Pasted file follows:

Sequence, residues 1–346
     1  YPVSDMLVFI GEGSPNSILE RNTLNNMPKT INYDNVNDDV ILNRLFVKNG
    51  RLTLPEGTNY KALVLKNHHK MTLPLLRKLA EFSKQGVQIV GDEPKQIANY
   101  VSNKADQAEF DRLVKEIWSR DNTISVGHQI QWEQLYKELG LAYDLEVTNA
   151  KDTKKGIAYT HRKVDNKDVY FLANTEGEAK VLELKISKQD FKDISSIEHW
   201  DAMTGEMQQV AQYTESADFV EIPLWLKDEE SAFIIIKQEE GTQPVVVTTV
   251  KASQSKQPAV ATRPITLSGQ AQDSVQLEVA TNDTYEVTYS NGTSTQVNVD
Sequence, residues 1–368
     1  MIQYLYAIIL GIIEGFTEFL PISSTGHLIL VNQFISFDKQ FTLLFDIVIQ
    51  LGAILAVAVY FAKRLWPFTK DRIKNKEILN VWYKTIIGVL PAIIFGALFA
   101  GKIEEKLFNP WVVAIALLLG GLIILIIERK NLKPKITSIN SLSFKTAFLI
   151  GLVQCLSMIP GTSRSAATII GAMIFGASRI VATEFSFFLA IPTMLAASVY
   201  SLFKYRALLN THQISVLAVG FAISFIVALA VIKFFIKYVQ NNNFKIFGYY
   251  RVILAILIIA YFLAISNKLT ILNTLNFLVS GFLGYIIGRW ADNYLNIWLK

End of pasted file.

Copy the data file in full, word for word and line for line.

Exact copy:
Sequence, residues 1–346
     1  YPVSDMLVFI GEGSPNSILE RNTLNNMPKT INYDNVNDDV ILNRLFVKNG
    51  RLTLPEGTNY KALVLKNHHK MTLPLLRKLA EFSKQGVQIV GDEPKQIANY
   101  VSNKADQAEF DRLVKEIWSR DNTISVGHQI QWEQLYKELG LAYDLEVTNA
   151  KDTKKGIAYT HRKVDNKDVY FLANTEGEAK VLELKISKQD FKDISSIEHW
   201  DAMTGEMQQV AQYTESADFV EIPLWLKDEE SAFIIIKQEE GTQPVVVTTV
   251  KASQSKQPAV ATRPITLSGQ AQDSVQLEVA TNDTYEVTYS NGTSTQVNVD
Sequence, residues 1–368
     1  MIQYLYAIIL GIIEGFTEFL PISSTGHLIL VNQFISFDKQ FTLLFDIVIQ
    51  LGAILAVAVY FAKRLWPFTK DRIKNKEILN VWYKTIIGVL PAIIFGALFA
   101  GKIEEKLFNP WVVAIALLLG GLIILIIERK NLKPKITSIN SLSFKTAFLI
   151  GLVQCLSMIP GTSRSAATII GAMIFGASRI VATEFSFFLA IPTMLAASVY
   201  SLFKYRALLN THQISVLAVG FAISFIVALA VIKFFIKYVQ NNNFKIFGYY
   251  RVILAILIIA YFLAISNKLT ILNTLNFLVS GFLGYIIGRW ADNYLNIWLK